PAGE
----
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Tuesday, July 12, 2005

It's not Mount Everest, it's Qomolangma

Thoughts from the Middle Kingdom on a shrinking lonely planet.

This is one of those expat moments that come to you after a while as you live away from your Western homeland and how the rest of the world sees it sinks in.


You may or may not be aware that there was a recent expedition to the top of the world's highest peak, situated on the border of Nepal and China, to remeasure its altitude, which may have changed because of environmental conditions. There were a score of Tibetan women on the team. What you may not know is the original and proper name of this peak is Qomolanga, not Everest. Qomolangma, named after the Tibetan mother goddess of the earth (varies with translation) was and is the name the Tibetan name that the Chinese use for the peak, which was charted with that name by the Chinese over 280 years ago, more than a century before the British "discovered it" and named it Everest. This 2002 article in People's Daily suggests the world get with the Chinese name of this planetary landmark and acknowledge the authenticity of its origin.

Seems a reasonable request, considering. And it came to mind this week, as the data from the current expedition is being evaluated and the Chinese media observes the 600th anniversary of the seafaring expeditions of Zheng He's treasure fleets who's historic explorations may have, among other stunning accomplishments, preceded Columbus in the discovery of the Americas. I read a great (and controversial) book about this a couple of years ago, 1421, The Year China Discovered the World. I highly recommend at least poking around this website if not the hefty book itself (great summer reading).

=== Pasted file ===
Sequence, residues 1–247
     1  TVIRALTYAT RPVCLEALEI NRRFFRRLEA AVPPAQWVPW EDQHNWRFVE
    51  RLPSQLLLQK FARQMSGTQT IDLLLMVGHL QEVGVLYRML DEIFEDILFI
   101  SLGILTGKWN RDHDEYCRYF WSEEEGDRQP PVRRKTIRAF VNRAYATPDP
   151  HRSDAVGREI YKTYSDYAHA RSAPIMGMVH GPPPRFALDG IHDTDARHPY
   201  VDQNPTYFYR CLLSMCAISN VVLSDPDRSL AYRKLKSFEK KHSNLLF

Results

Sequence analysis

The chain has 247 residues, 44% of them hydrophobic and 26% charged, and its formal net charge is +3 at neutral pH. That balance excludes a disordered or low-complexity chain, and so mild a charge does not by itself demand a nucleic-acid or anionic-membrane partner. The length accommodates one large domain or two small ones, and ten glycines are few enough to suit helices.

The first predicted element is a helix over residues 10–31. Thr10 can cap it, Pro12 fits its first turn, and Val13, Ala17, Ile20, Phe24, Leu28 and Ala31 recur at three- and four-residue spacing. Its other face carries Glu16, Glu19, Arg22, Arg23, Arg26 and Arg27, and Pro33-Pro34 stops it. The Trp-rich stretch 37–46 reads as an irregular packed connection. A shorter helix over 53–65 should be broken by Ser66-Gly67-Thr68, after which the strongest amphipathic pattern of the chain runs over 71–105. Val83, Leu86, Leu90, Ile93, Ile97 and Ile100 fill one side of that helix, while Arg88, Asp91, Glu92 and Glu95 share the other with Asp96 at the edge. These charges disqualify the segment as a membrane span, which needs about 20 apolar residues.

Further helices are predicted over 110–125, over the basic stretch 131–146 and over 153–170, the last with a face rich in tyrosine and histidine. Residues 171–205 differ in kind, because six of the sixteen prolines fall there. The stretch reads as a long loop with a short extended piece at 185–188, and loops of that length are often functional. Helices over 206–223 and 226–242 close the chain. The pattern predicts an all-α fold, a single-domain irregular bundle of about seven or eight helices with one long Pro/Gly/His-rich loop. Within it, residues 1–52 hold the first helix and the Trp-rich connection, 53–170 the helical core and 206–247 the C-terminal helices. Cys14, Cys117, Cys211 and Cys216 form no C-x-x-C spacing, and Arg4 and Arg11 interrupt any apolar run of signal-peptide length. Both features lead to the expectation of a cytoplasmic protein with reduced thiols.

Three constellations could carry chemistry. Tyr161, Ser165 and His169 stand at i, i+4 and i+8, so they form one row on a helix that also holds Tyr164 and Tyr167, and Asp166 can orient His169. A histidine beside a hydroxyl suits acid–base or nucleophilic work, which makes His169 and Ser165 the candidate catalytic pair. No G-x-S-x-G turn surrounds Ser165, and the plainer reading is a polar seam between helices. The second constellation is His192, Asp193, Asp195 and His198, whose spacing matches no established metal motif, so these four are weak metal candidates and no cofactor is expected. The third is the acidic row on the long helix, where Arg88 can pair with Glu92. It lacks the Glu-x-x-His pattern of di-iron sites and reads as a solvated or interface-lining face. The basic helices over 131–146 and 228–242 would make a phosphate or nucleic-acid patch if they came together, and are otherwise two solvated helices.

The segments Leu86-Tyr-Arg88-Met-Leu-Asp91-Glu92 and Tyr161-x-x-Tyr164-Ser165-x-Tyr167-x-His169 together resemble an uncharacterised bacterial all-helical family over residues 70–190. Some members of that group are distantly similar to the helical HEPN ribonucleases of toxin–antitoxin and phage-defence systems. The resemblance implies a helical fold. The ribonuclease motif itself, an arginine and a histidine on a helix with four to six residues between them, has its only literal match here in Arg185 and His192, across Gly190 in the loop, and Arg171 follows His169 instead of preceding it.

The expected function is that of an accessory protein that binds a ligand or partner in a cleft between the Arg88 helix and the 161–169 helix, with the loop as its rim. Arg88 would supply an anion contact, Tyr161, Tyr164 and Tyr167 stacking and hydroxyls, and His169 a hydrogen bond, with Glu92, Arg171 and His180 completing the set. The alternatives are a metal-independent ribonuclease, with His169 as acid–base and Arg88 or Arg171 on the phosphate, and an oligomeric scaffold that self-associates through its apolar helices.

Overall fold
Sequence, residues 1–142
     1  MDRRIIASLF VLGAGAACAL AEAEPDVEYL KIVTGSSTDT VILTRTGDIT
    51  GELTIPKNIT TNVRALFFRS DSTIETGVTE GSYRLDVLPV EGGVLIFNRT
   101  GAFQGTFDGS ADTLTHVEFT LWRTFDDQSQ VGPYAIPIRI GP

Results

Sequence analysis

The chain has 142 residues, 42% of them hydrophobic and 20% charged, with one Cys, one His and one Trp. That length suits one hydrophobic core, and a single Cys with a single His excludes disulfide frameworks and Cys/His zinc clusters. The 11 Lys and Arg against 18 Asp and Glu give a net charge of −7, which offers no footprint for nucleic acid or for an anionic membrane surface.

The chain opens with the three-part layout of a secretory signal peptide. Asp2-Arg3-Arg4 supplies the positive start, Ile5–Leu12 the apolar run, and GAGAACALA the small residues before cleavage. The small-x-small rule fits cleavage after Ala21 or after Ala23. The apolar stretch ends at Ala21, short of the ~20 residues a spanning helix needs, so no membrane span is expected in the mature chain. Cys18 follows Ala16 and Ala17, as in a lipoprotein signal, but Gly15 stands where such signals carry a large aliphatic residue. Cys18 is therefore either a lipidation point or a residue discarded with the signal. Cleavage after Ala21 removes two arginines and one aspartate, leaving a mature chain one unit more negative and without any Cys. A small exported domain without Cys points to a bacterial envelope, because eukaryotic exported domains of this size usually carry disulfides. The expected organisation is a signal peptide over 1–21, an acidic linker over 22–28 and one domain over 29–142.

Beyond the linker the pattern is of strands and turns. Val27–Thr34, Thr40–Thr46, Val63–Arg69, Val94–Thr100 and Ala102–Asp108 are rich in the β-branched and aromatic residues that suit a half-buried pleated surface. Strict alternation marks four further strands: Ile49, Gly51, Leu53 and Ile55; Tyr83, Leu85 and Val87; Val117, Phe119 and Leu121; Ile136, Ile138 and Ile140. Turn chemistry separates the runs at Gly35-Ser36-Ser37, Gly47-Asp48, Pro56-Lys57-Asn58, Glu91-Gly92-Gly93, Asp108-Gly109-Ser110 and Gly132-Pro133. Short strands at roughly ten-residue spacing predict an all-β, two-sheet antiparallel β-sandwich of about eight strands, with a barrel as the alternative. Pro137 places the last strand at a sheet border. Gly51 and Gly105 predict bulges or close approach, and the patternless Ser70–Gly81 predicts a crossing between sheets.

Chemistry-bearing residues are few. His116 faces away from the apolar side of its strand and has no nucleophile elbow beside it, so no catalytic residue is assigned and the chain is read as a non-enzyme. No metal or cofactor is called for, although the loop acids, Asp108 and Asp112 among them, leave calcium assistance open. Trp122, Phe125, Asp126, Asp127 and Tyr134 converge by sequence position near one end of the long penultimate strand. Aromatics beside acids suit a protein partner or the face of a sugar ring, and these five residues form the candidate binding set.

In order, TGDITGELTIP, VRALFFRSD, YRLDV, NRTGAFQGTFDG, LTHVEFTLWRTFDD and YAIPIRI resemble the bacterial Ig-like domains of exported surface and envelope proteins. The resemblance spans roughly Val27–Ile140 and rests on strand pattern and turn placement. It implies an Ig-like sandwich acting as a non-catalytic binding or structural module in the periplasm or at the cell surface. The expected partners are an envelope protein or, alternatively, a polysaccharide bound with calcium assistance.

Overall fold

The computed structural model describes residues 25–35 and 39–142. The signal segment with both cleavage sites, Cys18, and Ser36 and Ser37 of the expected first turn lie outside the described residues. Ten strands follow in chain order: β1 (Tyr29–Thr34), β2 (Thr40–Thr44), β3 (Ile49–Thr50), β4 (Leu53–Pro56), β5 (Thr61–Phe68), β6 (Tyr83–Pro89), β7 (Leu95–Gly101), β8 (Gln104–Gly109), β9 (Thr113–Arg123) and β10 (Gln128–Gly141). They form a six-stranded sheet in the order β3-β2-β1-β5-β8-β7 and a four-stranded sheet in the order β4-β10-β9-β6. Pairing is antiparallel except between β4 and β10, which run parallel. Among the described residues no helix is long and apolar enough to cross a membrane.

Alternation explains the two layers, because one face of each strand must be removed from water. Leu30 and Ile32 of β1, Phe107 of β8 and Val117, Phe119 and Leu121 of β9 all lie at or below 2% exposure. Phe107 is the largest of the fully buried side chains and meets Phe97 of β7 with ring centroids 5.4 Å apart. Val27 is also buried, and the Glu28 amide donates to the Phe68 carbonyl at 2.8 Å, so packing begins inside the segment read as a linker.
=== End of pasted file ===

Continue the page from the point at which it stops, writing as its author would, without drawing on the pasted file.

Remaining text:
Members of a panel on the CCTV English Language show Dialogue, mentioned how in all Admiral Zheng's explorations, he never colonized the territories that he discovered, nor abused the natives such as Portugese explorer Vasco de Gama did, cutting off the noses and other body parts of the crews of ships bringing rice to Calcutta when Calcutta refused to surrender to his authority in the late 15th Century. However, an article a learned and China-wise colleague sent me today, China's warring Sinbad reinvented as good neighbour disputes that.

Chinese lesson:
Can you say "Cho-mo-lungma"? (Qomolangma)
And try "Jung Huh" (Zheng He)

Afterthought:

The Nepalese name for this peak is Sagarmatha, which, upon some thought, is as original and legitimate a name as the Tibetan Qomolangma. It is not unheard of for mountains which straddle borders to be called different names by the different nations they occupy. The Alpine peak called the Matterhorn in Switzerland is known as Cervinia in Italy. (At the Cervinia ski resort you can take a chairlift up to a trailhead and ski down to Switzerland and vice versa.) But calling the world's highest summit by its British-given name is a slap at both cultures and in China particularly (or perhaps I sense it more emphatically because I'm here) it's a reminder of colonialism, an era they quite understandably don't recall fondly.

// posted by Ellen @  03:09   //Permalink// 
Ellen says hey
Mainer, New Yawka, Beijinger, Californian, points between. News, views and ballyhoos that piqued my interest and caused me to sigh, cry, chuckle, groan or throw something.


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